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Enhancing DATA SYSTEMS to Improve the Quality of CANCER Care Experience and Satisfaction Patient satisfaction with care Mean score for patients' level of satisfaction with breast cancer care, including the technical quality, interpersonal and communication skills of their cancer doctor, their involvement in treatment decisions, and the timeliness of receiving information and services 32-item patient satisfaction survey completed 3–6 months after diagnosis Results Experience of disease Mean score for patients on CARES-SF survey, which assesses patients ' quality of life and experience in living with breast cancer 59-item CARES-SF patient survey completed 12–15 months after diagnosis 5-year disease-free survival (cancer treatment center measure) Probability of disease-free survival for a group of patients, Stages I–IV, who were diagnosed during previous 5 years Patient records from cancer registry NOTE: CARES = Cancer Rehabilitation Evaluation System. SOURCE: Foundation for Accountability, 1998. FACCT Quality Measures—Breast Cancer. Available on line at: http://www.facct.org.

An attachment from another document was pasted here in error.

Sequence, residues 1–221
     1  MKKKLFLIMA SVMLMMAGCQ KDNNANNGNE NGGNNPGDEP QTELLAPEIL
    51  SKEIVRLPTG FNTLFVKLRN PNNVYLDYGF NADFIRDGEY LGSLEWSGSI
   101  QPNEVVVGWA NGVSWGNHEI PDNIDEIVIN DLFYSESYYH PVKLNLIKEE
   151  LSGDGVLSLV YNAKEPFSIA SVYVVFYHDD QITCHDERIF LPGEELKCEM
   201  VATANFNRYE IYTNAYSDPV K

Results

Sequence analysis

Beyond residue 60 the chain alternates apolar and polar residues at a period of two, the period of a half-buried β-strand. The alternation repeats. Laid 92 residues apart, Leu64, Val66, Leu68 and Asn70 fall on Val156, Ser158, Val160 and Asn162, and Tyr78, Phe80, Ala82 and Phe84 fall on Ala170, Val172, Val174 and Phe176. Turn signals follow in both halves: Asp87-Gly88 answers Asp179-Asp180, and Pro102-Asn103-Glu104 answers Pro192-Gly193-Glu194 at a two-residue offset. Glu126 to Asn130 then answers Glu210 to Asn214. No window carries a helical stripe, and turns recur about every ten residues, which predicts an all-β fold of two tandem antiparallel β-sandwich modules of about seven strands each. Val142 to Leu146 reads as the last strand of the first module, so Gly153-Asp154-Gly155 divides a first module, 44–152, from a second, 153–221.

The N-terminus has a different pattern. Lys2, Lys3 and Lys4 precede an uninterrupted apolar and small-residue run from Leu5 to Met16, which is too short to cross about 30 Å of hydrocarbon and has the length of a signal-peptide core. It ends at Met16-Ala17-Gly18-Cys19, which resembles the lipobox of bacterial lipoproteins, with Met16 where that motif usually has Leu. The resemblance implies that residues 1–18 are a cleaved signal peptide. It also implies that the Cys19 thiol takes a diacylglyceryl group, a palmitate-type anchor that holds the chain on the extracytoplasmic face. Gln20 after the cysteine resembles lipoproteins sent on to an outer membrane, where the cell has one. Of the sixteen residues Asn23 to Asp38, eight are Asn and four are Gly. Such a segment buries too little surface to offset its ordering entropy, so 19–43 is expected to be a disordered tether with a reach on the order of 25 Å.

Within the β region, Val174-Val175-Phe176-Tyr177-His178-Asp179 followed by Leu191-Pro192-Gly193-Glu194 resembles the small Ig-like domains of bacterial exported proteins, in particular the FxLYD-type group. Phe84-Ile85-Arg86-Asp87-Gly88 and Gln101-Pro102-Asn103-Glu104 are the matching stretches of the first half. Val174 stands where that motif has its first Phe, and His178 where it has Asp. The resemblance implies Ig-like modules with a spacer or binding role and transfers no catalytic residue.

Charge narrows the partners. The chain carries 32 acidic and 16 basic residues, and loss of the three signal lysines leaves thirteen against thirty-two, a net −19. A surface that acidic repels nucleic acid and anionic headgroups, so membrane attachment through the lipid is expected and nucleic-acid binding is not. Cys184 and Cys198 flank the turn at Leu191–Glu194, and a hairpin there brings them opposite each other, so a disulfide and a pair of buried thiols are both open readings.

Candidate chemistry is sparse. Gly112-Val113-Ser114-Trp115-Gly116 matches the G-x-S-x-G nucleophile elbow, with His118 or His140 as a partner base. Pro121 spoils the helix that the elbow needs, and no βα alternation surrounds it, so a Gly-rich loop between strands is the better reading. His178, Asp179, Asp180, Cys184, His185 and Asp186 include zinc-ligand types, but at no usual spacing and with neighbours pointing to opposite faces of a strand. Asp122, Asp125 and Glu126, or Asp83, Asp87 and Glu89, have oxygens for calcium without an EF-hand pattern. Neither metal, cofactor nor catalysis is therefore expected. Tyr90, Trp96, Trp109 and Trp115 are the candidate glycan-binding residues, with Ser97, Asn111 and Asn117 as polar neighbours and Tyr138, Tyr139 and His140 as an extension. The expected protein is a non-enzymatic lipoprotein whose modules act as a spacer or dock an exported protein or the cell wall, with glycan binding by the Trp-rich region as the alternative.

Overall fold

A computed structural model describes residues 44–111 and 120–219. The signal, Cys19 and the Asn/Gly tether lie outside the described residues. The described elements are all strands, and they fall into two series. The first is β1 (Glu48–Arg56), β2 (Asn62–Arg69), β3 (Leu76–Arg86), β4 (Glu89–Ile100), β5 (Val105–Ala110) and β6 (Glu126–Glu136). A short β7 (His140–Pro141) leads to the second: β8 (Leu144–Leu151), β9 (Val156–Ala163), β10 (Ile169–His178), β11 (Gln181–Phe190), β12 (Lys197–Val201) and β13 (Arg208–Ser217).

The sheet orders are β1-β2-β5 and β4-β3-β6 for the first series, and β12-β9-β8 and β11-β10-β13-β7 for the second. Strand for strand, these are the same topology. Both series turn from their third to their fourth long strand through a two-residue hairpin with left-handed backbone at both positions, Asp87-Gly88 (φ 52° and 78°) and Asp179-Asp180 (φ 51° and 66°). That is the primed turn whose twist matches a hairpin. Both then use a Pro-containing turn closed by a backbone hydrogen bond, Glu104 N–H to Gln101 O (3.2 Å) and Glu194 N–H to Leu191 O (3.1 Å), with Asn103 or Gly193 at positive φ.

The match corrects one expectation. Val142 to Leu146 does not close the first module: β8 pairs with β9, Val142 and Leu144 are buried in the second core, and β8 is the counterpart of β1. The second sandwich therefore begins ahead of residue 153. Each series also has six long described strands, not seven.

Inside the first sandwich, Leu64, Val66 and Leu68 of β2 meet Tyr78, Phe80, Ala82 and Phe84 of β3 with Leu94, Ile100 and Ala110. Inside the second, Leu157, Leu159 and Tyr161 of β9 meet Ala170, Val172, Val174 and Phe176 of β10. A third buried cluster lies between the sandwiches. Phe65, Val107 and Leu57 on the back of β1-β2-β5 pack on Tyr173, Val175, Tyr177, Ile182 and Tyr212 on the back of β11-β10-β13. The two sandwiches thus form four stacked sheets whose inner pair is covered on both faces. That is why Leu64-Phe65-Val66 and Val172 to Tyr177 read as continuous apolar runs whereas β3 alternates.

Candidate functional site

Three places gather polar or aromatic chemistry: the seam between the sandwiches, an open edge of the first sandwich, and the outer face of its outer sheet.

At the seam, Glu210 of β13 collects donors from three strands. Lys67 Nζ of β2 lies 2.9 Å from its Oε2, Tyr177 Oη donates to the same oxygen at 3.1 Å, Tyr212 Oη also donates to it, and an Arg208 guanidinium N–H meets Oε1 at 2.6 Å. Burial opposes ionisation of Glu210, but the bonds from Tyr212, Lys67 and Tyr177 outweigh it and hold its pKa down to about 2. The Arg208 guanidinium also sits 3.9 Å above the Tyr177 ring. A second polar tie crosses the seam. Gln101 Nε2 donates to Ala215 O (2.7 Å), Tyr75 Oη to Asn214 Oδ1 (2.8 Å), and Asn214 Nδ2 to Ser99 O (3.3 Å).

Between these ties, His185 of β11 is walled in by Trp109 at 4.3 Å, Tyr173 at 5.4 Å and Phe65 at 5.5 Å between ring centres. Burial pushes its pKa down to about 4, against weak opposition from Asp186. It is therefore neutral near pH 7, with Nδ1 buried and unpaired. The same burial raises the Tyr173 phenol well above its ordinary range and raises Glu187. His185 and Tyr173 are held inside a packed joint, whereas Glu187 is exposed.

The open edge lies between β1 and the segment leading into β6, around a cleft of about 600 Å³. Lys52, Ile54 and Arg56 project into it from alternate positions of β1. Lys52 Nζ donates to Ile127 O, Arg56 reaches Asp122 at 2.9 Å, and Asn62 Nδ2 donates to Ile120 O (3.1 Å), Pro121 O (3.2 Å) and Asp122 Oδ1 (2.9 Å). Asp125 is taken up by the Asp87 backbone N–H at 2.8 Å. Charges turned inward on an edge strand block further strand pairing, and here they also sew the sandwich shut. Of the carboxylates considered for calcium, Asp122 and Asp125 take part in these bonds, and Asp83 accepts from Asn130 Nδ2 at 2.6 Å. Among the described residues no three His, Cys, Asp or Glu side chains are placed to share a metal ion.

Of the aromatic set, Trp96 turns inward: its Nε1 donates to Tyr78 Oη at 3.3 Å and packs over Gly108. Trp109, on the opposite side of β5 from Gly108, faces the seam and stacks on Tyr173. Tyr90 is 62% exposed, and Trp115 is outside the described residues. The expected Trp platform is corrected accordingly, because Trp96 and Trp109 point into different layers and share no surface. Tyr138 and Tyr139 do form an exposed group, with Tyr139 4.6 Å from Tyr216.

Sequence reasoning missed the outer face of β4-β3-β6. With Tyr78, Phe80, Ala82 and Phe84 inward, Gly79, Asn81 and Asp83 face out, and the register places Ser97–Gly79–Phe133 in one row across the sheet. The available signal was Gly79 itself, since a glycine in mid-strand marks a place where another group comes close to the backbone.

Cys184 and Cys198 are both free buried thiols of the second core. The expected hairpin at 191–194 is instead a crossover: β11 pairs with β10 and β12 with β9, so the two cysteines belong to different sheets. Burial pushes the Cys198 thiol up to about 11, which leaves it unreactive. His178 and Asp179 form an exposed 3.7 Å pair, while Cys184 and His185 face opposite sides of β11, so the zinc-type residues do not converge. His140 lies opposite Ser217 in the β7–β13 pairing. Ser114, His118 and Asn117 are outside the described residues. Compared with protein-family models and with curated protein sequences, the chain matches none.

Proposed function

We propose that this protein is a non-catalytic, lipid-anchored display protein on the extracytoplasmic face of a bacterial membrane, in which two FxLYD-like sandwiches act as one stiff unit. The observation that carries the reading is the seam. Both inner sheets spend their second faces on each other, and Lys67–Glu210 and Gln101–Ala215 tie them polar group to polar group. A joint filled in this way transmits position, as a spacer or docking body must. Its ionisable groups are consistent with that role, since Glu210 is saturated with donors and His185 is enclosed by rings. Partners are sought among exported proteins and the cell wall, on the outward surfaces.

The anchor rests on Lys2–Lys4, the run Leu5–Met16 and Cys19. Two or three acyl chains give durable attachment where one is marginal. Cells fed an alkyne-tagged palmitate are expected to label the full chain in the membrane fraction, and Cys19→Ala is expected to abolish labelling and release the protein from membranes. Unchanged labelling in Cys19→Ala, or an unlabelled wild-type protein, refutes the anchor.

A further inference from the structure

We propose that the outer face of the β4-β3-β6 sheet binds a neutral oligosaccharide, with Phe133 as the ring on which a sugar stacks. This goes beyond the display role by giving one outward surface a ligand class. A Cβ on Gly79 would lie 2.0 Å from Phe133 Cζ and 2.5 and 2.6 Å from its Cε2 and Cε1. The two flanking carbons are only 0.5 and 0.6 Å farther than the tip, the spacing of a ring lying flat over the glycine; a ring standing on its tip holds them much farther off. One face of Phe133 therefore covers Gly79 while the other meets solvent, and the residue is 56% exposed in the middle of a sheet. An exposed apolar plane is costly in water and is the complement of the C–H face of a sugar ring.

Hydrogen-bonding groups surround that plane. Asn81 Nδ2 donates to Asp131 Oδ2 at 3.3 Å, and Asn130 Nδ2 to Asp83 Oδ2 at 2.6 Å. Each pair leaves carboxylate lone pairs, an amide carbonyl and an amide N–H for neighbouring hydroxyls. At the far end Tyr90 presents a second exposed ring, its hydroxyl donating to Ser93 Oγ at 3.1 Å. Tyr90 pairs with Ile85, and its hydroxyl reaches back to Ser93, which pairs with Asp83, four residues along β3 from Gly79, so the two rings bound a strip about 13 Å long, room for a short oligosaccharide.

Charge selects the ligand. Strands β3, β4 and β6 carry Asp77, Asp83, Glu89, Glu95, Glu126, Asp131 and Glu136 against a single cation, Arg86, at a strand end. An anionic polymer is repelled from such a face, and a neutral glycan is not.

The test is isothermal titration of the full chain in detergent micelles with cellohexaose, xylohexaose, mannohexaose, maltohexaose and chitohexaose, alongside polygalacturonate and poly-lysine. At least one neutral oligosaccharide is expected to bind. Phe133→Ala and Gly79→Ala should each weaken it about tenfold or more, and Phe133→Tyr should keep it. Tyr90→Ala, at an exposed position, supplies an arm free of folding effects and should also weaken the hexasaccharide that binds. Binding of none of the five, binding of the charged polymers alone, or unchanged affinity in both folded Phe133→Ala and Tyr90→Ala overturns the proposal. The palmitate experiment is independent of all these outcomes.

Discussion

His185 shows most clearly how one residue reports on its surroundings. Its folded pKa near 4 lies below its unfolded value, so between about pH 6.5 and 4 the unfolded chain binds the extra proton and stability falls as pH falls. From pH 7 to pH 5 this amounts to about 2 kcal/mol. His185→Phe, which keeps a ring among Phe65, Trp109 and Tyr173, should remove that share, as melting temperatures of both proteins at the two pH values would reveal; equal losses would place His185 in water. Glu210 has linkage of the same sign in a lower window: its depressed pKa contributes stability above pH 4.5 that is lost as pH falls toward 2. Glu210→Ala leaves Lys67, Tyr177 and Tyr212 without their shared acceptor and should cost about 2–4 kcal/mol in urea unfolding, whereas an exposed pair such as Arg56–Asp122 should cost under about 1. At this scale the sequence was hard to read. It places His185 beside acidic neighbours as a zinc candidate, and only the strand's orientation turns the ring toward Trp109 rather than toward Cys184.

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Enhancing DATA SYSTEMS to Improve the Quality of CANCER Care Case Study 6: The National Comprehensive Cancer Network NCCN institutions cooperated to develop a set of clinical practice guidelines for the treatment of common cancers. Available sources of data were determined to be inadequate to monitor adherence to the guidelines, and an extensive uniform clinical data set was defined to guide data collection. Now detailed sociodemographic, clinical, treatment, outcome, and cost data are gathered on all patients with selected cancers treated in the NCCN network. Data are used to evaluate both the performance of providers relative to the guidelines and the effectiveness of treatments. The database is very extensive; for breast cancer alone, over 200 data elements are collected. Data managers from each cancer center report encrypted data via the internet to a central analytic office. Strict data security and confidentiality measures are in place (e.g., individual authentication of users, stripping personal identifiers from records), as are methods to ensure the quality of data (e.g., standardized coding schemes, audits). Performance results are posted on a Web page accessible to providers within the system. Data collection for the pilot condition—breast cancer—began in July 1997. As of October 1999, information on over 2,000 patients had been entered into the system. Preliminary results show high compliance to guidelines but some areas of practice variation. Among women treated with BCS, for example, 89% received radiation therapy overall, with a range across institutions from 80 to 100%. Plans are to expand to other cancer sites and to add information on complications and patient-reported quality of life. The NCCN would like to extend participation to selected outside institutions/practices and to establish new partnerships with pharmaceutical and biotechnology companies, insurers, and regulatory/accrediting bodies. SOURCE: Weeks, 1999. ACoS-CoC regularly conducts surveys of facilities that provide cancer treatment and approves those that meet its standards.* Approximately 1,500 programs have been approved, which are estimated to provide care for 80% of the nation's newly diagnosed patients (Morrow, 1999). Most facilities are community-based hospitals, but a few freestanding cancer programs are also included (Table 3.4) (Morrow, 1999). * The Joint Commission on Accreditation of Healthcare Organizations as of January 1999 accepts the American College of Surgeons' Commission on Cancer accreditation decisions for cancer treatment facilities or cancer hospitals that are affiliated with health plans and health systems (www.facs.org). This will effectively reduce the redundancy of site evaluations of cancer facilities.